Wednesday, January 14, 2015

The Ones Not There

I had a friend text me the other night while he was feeding cows in frigid temperatures. He had just read The Stockman’s Wife and wheels were turning:

Just thinking...1 of ur blogs could be about the 1s not there?

His message was cryptic, but I understood it perfectly. He was one of them, as was I.
I responded with frozen fingers:
"love if.
I was cold, my fingers hurt and my phone was frozen.

If you’re connected to the livestock world even the slightest bit you know that the National Western Stock Show in Denver is currently going on. Fifteen days of history, livestock, competition and red beers. It’s one of my favorite places on earth.  

Three years ago today (crazy) it was at the National Western that I met my husband.
Four years ago this week I passionately documented the experience of The Yards.
Nine years ago this week I found it as a place to reconnect with my Dad.
Today I’m on of those not there. The same with a lot of folks.

So what is life like during these fifteen days for those not at the National Western?

The ones not there send those who are away with food. Road food. Chex mix. Cookies. Beef jerky. Vitamins. Advil. And Five-Hour Energy. The road to Denver is long, windy and unusually munchie. 

The ones not there add Denver, CO to their Weather Channel app so they can stare at the 50° display on the screen while they’re chipping ice off their windshield. Gluttons for punishment. 

The ones not there have the rare opportunity to stand in the barn lot with their Dad in the quiet darkness and find the big dipper once the clouds clear and temperatures drop. Dad can always find it quicker. 

The ones not there have the guts to set a live trap, then are absolutely horrified when they catch the wrong (angry) animal. Now what?

The ones not there spend far too much time on the Internet trying to watch shows live (cursing their rural internet) and catch up on show results via social media. Social media posts are like salt in a wound to the ones not there.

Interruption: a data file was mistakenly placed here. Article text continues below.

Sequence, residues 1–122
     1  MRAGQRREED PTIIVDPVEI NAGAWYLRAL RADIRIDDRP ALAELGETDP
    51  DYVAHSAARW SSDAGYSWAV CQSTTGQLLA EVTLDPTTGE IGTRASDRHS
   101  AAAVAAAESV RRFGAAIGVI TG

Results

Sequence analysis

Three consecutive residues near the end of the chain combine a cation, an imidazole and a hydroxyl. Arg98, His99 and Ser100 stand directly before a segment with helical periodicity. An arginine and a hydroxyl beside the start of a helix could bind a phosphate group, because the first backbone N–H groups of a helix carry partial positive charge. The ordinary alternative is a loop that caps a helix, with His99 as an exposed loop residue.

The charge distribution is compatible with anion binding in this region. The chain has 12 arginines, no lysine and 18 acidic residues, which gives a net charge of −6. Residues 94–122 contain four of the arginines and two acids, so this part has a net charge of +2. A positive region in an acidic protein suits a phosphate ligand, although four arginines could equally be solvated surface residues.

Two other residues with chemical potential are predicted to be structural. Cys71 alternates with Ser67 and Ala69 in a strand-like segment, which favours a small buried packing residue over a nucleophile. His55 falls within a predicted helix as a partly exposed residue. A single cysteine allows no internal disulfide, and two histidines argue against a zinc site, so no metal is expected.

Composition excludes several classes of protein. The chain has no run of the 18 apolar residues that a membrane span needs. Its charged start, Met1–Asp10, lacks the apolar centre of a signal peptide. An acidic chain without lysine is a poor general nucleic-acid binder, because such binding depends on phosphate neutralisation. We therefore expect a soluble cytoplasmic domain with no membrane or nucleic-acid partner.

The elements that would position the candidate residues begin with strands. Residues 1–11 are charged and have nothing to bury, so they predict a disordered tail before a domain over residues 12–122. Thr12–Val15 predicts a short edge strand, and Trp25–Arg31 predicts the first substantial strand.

The ones not there thank God they're not a single parent. Getting little ones to school, programs, supper and bed is tough alone. And FaceTime is just really poor with the blowers fired up in the background. 

The ones not there schedule every social event they’ve been unable to plan for months. Dinners, drinks, reunions, coffee and antiquing – all things that may take second fiddle throughout the year. She also may be sadly ready for bed by 8:30; frozen valves do that to a person.

The ones not there control the thermostat, television channel, menu, bedtime, grocery list, laundry schedule and bed covers. The ones not there remember what it was like to be single.

The ones not there don't mind the hassle of getting ridiculously bundled up - and unbundled - several times a day because frankly, it's like a mini work out. The same with the burning lungs. Spend an hour outside in below zero temperatures and it's like you just ran a mini marathon. Assuming you know how that feels...?

The ones not there wait on phone calls for placing outcomes, sale reports, latest news and family updates. The ones not there usually fall asleep before these calls come due to the time difference.

The ones not there watch heifers start springing, cows start bagging and new calves figure out this big old world. The ones not there spend a lot of time in the barn thanking God that they were given the responsibility to keep all of these creatures - the cattle on a thousand hills (Psalm 50- alive.  

 The ones not there find a certain luxury in the fact that they don’t have prepare as much supper, as half of the consumers are gone. Some nights, the ones not there gladly suffice with cheese and crackers. Several nights, actually. Maybe four nights in a row. 

The ones not there navigate their way through frozen pipes in the house, frozen valves in the pasture tanks, over flowing commodes after young company, curious heifers who snap temporary fence (twice), a full 15° day without a door on the house and also an ice storm for good measure.  Now you know why I’ve looked so incredibly strung out since last Wednesday.  I’ve learned to let my hair dry under a toboggan.

 The ones not there are reliable, optimistic (typically, but not always), 
humorous (typically, but not always), understanding (typically, but not always), and patient (typically, but not always).

They survive pleasantly. Because they know the worst that could happen is frozen valves, and they've already mastered those. 

The ones not there don't complain, they just get things done because being the only one home for a while means one wonderful thing: 
For two Saturdays in a row they can sleep in past 5:30 and no one knows. 

They're not talking.
They get fed too well. 

1 comment:

  1. Sorry again about the overflowing commode but loved the visit! I will come back ALONE;) you do a wonderful job taking care of your beautiful farm, so impressed, but would not expect anything less;)